Jul 13, 2011, 3:13 PM
More than 387 million people were living with diabetes as of 2013, according to reports.And the World Health Organisation estimates that 90 per cent of all diabetics are suffering from type 2.
Mr John said delay in diagnosing the disease means that many people with type 2 suffer from at least one complication by the time they are diagnosed with diabetes.
He was speaking at a press briefing recently held at NaNA conference hall in commemoration of World Diabetes Day on November 14.
The theme for this year is ‘Healthy living and diabetes’ and it is focused on healthy eating as a key factor in the fight against diabetes and a cornerstone of global health and sustainable development.
He explained that healthy lifestyle could prevent up to 70 per cent of type 2 diabetes and healthy eating can help reduce the risks.
The SG of Gambia Diabetes Association said they encourage diet containing leafy vegetables, fresh fruits, lean meat and nut to help reduce risk of type 2 diabetes and also to reduce complications in diabetics.
“Encouraging a healthy eating habit in young children is very essential to halting the rise of the diabetes epidemic in our children,” Mr John said, adding that this will help ensure the health of future generations.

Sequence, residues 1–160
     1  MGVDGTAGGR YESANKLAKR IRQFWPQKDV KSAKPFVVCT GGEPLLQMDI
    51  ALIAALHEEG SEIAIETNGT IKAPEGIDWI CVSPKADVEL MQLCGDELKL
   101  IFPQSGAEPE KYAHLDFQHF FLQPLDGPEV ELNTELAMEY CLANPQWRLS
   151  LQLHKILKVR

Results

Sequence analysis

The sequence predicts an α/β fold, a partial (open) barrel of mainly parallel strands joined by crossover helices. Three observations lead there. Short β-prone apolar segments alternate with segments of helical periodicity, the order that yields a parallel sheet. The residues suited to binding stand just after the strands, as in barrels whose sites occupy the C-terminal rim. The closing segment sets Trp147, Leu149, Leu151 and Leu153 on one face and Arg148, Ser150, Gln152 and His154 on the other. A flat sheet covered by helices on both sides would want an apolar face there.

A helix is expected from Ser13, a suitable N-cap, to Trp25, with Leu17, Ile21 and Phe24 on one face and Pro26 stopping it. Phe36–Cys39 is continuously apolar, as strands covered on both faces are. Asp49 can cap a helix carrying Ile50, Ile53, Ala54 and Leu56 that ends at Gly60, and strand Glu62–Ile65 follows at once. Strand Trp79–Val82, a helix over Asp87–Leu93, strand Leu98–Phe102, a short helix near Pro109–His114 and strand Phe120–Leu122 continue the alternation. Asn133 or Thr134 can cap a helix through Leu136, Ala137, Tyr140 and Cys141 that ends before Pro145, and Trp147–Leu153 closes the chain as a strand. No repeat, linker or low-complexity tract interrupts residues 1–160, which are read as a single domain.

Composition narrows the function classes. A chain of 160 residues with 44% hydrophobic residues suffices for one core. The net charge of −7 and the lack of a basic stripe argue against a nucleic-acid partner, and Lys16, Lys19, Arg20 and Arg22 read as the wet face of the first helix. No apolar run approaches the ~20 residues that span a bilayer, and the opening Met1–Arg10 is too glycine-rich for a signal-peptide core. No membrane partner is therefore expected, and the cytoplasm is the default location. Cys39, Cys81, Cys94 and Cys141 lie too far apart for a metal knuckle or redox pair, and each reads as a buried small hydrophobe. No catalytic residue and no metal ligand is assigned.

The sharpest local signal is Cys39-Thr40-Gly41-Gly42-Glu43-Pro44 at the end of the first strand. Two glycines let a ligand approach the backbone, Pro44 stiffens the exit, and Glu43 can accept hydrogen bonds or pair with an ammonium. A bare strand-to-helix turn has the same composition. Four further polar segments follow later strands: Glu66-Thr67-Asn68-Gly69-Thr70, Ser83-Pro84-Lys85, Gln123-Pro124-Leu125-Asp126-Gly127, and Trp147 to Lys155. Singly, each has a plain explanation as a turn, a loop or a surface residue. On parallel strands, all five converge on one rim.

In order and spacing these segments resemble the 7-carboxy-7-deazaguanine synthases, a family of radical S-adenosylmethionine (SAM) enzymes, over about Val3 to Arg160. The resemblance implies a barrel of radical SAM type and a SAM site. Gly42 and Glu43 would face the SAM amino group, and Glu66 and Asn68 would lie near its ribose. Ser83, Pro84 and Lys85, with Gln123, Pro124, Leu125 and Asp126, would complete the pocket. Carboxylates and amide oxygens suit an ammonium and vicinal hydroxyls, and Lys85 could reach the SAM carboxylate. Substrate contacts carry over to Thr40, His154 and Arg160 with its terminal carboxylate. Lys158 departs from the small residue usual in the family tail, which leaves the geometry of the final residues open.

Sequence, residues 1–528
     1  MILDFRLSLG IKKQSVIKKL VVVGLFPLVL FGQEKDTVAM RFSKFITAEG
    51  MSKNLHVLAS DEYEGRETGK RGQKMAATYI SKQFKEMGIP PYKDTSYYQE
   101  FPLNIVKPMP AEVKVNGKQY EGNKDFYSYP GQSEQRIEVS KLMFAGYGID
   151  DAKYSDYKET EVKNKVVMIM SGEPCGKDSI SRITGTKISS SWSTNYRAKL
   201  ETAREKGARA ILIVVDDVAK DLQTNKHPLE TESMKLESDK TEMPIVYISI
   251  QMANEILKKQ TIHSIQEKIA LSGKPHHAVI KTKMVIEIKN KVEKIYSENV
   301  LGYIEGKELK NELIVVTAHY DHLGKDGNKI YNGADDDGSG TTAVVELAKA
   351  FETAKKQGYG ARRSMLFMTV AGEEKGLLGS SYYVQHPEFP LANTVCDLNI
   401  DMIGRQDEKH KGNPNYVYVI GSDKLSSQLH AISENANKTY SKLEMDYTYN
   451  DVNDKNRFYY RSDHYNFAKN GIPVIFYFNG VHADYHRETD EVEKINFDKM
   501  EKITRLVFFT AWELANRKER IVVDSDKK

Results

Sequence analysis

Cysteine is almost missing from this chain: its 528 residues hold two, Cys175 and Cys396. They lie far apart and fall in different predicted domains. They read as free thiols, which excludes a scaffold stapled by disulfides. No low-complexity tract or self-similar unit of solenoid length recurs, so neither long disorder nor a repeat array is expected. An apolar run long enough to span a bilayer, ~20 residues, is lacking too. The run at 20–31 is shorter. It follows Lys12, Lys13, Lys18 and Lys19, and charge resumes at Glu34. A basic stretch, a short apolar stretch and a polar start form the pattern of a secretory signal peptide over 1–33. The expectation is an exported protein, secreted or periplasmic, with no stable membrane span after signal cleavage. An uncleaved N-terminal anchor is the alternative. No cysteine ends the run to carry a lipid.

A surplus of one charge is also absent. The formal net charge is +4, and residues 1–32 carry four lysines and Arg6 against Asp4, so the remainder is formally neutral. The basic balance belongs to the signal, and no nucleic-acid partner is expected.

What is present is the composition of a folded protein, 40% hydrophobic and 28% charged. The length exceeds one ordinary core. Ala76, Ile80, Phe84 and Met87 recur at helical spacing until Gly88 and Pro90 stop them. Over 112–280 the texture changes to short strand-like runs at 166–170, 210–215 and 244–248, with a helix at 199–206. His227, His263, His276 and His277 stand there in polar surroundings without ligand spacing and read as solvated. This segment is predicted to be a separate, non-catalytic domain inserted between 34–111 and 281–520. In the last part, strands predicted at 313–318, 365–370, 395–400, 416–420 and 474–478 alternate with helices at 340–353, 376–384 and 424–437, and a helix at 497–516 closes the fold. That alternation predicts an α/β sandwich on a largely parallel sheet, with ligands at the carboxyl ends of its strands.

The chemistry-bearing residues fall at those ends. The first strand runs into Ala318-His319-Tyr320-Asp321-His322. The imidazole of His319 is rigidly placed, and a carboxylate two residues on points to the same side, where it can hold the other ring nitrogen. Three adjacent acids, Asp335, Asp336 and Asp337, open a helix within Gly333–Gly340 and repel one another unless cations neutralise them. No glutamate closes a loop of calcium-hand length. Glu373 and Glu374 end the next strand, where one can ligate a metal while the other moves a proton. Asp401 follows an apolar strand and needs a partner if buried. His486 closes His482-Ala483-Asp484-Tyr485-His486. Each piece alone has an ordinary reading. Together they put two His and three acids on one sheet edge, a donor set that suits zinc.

He said access to affordable healthy food is essential to reducing the global burden of diabetes and ensuring global sustainable development.
Global health spending to treat diabetes and manage complications linked to it was estimated to cost $612 billion in 2014.
Experts said up to 11 per cent of the total health care expenditure in every country across the globe could be saved by tackling the preventable risk factors for type 2 diabetes.
Similarly, up to 70 per cent of type 2 diabetes cases can be prevented or delayed by adopting healthier lifestyles.
It is said that the number of people with diabetes in low and middle income countries will continue to grow, posing a threat to sustainable development in such countries.
For example, by 2035, the number of people with diabetes in the African region is expected to double.
World Diabetes Day, November 14, was created by the International Diabetes Federation and the World Health Organisation in 1991 in response to concern over the escalating incidence of diabetes around the world.